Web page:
Terry Garrett has slain Ganon without even seeing the Zelda antagonist.
As reported on Polygon and Eurogamer, University of Colorado engineering student Terry Garrett has finally completed The Legend of Zelda: Ocarina of Time, the classic N64 RPG, having started the game in 2011. You might be thinking that's a long time to finish a game that takes between 27 and 35 hours to beat, usually. But this is a really special achievement, because Terry is blind.
Terry had previously finished the 2D PlayStation game Oddworld: Abe's Oddysee using just audio cues in order to progress, and the best part of five years ago he set himself the challenge of taking that approach to "seeing" the virtual world in front of him into a three-dimensional space. His chosen game was Ocarina of Time, and here he is in May 2011, beginning his quest in the Deku Tree, taking out spider enemies by listening for their movements.
Terry ran an emulated version of the game for easier, anytime saves – pretty essential with so much trial-and-error play ahead of him. And on January 2, he posted his final video, of Link's climactic battle with the Zelda series big bad, Ganon (or Ganondorf, if you prefer). The video, titled "Best gaming achievement ever," features in its description a thank you to those who'd been following Terry's adventures through Hyrule:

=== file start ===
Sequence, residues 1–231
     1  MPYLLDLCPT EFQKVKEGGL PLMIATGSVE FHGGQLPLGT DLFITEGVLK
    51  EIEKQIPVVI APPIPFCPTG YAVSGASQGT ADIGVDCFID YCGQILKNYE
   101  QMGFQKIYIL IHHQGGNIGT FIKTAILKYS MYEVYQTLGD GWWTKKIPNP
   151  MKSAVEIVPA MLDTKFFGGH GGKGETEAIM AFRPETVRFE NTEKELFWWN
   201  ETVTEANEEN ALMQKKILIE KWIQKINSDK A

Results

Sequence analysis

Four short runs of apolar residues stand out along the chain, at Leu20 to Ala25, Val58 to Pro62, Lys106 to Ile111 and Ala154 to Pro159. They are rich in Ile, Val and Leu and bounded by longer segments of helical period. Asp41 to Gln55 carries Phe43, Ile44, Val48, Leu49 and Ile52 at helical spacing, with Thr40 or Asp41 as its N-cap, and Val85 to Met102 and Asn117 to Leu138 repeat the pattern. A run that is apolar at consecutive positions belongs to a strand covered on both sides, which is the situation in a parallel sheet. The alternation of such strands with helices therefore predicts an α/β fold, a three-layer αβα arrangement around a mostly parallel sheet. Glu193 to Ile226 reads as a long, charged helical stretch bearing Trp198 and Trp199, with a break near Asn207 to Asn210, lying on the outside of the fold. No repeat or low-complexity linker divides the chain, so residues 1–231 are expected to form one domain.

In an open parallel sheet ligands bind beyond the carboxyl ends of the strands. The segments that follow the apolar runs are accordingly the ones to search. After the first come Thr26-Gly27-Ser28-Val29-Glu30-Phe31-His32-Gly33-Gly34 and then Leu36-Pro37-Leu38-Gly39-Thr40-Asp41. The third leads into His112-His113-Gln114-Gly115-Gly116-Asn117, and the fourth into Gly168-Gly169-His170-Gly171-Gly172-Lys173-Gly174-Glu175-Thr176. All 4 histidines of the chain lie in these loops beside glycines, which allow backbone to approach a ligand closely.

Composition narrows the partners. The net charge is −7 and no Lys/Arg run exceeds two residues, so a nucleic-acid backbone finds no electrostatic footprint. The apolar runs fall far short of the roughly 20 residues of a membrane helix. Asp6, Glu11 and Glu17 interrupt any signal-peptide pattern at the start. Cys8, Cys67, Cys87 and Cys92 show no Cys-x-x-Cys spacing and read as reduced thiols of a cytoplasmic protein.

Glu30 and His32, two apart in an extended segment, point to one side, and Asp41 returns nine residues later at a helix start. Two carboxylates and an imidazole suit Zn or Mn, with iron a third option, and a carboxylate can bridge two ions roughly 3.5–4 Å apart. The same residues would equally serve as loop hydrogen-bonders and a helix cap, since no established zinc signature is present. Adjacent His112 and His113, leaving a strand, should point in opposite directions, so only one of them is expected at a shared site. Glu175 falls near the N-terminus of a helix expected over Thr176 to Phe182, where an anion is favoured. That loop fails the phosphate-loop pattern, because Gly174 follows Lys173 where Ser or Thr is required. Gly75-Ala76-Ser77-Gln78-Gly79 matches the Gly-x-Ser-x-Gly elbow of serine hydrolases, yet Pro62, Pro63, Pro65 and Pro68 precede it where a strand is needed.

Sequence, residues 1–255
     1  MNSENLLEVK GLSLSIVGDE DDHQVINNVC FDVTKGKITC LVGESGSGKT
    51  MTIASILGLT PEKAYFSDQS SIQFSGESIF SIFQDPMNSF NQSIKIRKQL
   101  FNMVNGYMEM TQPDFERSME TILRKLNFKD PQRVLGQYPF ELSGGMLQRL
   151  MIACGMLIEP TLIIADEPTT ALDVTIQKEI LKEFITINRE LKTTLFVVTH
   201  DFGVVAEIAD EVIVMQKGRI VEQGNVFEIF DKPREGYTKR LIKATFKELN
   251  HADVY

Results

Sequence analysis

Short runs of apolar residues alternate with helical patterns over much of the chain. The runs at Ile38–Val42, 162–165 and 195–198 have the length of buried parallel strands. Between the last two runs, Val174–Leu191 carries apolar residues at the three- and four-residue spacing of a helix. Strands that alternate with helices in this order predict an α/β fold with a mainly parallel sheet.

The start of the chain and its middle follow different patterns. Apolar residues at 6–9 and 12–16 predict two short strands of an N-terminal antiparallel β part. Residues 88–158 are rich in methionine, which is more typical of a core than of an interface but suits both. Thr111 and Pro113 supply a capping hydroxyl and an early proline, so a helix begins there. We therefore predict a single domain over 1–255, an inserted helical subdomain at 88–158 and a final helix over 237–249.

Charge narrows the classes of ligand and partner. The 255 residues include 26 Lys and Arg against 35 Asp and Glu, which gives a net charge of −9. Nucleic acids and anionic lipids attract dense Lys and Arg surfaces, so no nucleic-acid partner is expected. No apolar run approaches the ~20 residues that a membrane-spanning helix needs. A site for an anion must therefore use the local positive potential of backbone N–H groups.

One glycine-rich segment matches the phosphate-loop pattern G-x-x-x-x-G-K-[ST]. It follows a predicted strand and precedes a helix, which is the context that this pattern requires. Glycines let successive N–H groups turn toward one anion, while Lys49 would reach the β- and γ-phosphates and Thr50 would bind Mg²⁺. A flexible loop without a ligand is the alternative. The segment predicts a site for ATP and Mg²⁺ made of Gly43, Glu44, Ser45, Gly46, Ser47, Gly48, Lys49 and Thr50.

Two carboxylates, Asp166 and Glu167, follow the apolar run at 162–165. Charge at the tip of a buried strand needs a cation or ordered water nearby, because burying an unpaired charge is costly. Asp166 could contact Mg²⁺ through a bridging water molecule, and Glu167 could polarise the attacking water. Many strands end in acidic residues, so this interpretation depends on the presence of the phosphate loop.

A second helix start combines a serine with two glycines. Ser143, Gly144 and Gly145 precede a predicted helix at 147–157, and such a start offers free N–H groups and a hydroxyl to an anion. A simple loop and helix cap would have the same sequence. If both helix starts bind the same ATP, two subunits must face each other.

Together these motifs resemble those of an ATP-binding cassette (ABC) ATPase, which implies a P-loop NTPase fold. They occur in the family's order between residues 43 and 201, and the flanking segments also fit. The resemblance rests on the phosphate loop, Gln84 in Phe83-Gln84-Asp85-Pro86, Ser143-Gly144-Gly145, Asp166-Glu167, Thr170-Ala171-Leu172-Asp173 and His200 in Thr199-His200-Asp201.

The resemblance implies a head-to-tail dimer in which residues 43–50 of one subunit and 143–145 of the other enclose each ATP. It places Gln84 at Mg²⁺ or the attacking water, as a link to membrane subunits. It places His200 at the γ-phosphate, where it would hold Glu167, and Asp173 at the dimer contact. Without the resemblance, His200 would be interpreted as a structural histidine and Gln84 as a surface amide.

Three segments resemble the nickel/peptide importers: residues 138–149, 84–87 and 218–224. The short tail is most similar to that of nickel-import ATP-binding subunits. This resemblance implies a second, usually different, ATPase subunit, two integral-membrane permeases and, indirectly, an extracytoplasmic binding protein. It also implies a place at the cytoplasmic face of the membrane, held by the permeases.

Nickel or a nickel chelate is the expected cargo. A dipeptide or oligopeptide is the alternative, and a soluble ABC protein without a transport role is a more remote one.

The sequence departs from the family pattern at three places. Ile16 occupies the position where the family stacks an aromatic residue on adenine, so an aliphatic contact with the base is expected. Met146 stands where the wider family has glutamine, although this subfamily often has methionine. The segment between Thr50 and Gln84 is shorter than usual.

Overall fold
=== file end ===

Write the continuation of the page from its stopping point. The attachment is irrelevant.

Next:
"Well! here it is! After about 5 years of working on this series, I have finally uploaded the entire play through first! a totally blind person completing Zelda Ocarina of Time, with just walkthroughs, helpful vids from fans, and save states. It has been long in the making, but I have finally accomplished my goal! Who knows what is next! Thanks for all those who have stuck with me through this series even after it seemed like I was giving up. Please enjoy the last vid of Zelda OOt, the final battle against Gannon!"
I think we can all forgive Terry the misspelling of a major character's name, there, so warmed are our hearts by this conclusion to an epic saga. Watch his final 20 minutes with Ocarina of Time below.
Isn't that completely wonderful? Yes, obviously. It is.